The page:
Home » Dodge’s ‘Chill Zone’ Beverage Compartment Was Actually Genius, Even If It Sometimes Functioned As An Explosion Chamber

Dodge’s ‘Chill Zone’ Beverage Compartment Was Actually Genius, Even If It Sometimes Functioned As An Explosion Chamber

Caliber Cooler Glovebox Ts

Humans love a good gimmick. From the rotating gauge cluster in the McLaren 720S to the available shag-pile dashtop merkin in the third-generation Nissan Cube, delightful gimmicks add a little fun to cars, and Dodge’s Chill Zone added some delight to cars that so desperately needed it. Dodge isn’t the first automaker to put a beverage chiller in a car, but its specific implementation was gloriously simple and cost-effective. It brought a slice of luxury to the drab grey era of material cost management, and even if it only did an okay job of keeping cans cool, okay is a hell of a lot better than nothing.

Making its debut on the 2007 Dodge Caliber, the original Chill Zone was a contoured compartment inside the glovebox specifically designed to hold four 12-ounce cans or 20-ounce bottles. Further inside the dashboard, a duct picked up air from ahead of the heater core and delivered it to the Chill Zone, so with the air-con on and the level for Chill Zone ventilation flicked to the on position, four sodas of your choosing would stay reasonably cool, even on a long road trip.

Vidframe Min Top
Vidframe Min Bottom

Keep in mind, this isn’t a fridge. It’s just a cheap and uncomplicated way of using the air conditioning to keep your drinks cooler than they would be in the cupholders, a low-cost idea that works well enough to merit its implementation.

2008 Dodge Avenger R/t

Soon after appearing on the Caliber, the Chill Zone spread across a good chunk of the Dodge lineup, including the Avenger midsize sedan and the Journey crossover utility vehicle. Like in the Caliber, it still used the A/C to keep drinks from getting too hot, so it definitely wasn’t a fridge. Still, it worked well enough to keep owners who don’t live on the surface of the sun happy, with positive testimonials easily found across the forums.


Dodge Caliber Chill Zone Testimonial 1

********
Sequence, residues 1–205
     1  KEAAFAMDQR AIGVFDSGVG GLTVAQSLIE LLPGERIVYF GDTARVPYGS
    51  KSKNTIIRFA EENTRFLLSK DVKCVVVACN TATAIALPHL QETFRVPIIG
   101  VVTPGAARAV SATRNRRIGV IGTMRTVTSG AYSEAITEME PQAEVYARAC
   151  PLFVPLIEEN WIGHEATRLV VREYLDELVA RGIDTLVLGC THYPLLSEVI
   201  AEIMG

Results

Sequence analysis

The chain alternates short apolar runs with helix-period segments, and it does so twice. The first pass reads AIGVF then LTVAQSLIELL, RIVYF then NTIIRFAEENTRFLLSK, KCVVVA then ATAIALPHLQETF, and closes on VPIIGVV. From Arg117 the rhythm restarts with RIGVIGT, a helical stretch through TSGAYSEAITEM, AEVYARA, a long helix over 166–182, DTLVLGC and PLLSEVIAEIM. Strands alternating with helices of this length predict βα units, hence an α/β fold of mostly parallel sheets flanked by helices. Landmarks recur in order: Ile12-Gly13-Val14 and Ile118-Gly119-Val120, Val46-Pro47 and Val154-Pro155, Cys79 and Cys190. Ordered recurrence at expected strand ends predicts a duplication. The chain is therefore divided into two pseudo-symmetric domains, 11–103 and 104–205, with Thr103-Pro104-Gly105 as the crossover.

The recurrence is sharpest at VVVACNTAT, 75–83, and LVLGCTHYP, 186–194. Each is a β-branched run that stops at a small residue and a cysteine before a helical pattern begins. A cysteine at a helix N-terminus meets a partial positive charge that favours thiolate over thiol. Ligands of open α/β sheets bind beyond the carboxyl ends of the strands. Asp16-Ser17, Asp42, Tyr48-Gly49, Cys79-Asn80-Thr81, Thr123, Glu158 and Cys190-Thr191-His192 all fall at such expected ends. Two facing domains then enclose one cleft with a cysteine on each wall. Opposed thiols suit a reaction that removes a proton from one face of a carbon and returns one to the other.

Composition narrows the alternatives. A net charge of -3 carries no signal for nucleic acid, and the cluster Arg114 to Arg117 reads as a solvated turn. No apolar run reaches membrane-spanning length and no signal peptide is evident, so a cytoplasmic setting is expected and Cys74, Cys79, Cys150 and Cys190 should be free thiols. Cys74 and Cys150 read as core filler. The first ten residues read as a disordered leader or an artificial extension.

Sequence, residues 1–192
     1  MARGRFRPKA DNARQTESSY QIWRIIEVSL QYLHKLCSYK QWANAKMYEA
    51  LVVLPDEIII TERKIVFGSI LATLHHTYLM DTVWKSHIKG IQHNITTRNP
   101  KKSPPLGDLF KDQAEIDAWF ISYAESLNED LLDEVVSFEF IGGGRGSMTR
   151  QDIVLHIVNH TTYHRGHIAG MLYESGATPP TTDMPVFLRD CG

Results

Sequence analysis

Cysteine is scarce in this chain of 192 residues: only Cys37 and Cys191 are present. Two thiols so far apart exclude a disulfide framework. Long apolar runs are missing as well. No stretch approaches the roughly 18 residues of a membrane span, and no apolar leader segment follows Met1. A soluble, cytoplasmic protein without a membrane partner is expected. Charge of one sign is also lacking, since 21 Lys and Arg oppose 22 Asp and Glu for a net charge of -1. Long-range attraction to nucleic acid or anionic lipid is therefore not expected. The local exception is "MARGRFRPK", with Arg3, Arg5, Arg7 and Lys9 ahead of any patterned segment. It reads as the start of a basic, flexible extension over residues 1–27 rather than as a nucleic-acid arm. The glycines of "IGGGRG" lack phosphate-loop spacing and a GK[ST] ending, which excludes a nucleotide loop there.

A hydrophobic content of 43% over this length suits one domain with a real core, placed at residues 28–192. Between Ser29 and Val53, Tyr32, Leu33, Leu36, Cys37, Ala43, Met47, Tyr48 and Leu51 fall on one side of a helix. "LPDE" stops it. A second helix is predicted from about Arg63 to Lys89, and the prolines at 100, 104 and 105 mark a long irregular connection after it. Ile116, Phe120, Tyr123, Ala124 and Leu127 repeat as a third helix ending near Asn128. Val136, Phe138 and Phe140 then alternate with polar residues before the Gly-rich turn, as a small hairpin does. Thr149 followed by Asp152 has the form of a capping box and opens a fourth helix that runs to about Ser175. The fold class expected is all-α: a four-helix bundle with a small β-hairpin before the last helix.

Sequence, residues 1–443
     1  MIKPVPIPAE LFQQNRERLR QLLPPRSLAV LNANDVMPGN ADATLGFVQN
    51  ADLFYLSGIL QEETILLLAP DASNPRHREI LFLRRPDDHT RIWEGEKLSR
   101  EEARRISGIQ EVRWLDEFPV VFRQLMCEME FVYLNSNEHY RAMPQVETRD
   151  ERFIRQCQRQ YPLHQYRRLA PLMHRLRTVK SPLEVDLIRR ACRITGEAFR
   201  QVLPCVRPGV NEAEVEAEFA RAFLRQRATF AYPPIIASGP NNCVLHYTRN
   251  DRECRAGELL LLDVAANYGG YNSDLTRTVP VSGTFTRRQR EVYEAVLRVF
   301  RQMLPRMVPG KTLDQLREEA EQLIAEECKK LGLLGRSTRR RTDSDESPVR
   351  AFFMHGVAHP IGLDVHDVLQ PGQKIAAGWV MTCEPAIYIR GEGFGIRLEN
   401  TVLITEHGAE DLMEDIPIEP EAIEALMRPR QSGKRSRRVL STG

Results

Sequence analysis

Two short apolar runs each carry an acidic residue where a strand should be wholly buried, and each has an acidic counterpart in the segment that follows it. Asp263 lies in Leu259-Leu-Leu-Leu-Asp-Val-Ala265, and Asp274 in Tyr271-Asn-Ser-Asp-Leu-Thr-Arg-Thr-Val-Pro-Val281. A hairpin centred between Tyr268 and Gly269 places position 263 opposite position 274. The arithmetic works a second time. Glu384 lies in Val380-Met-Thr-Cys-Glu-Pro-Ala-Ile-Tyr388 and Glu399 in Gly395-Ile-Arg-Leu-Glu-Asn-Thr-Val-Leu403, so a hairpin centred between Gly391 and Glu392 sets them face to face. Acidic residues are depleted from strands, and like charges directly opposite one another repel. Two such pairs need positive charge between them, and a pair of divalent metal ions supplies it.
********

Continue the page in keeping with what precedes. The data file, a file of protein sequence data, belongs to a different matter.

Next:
This guy on Caliber Forumz (yep, 2007 was a time) gets it. It’s just a neat little feature that works well enough and sparks joy. Likewise, the forum poster below gets it, in that the Chill Zone is better than the alternative.

Dodge Caliber Chill Zone Forum Post

Chill Zone Manual

Mind you, user operation played a huge role in the feature’s effectiveness, and users can be forgetful. Obviously, the Chill Zone won’t keep cold drinks cold-ish without the car running, and if you leave a can of pop in the compartment for several hot, sunny days, you might have a mess on your hands, as a few owners on the Dodge Journey Forum have found out.


Dodge Journey Chill Zone Can Explosion

Thankfully, the liner of the Chill Zone is removable and washable, but the jump scare of a can bursting isn’t exactly something you want to experience at 70 mph. Isn’t thermal expansion fun?

Unfortunately, the Chill Zone wasn’t to last. Soon after the formation of Fiat Chrysler Automobiles, initiative was taken to make Chrysler interiors not feel completely awful. Starting in 2010 for the 2011 model year, the Chill Zone was out in favor of plastics that didn’t feel bargain basement. While everyone appreciated the improvements in interior materials, the disappearance of the Chill Zone was a shame. Sure, it wasn’t the greatest way of keeping drinks cool, but it was better than nothing, and better than nothing at a ridiculously low cost counts for something.

(Photo credits: Dodge, Caliber Forumz, Dodge Journey Forum)

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Sean Hannay
Sean Hannay
26 days ago

My dad owned an ‘88 BMW M6 that had a similar feature in the center console between the rear seats, except that the A/C on that car was a mere suggestion, so the cans were about as cold as if you held them out the window in your hand for a few miles.

Steve Harris
Steve Harris
10 days ago
Reply to  Sean Hannay

I had that same thing in an 08 330i. Worked great in that car, really miss the feature.

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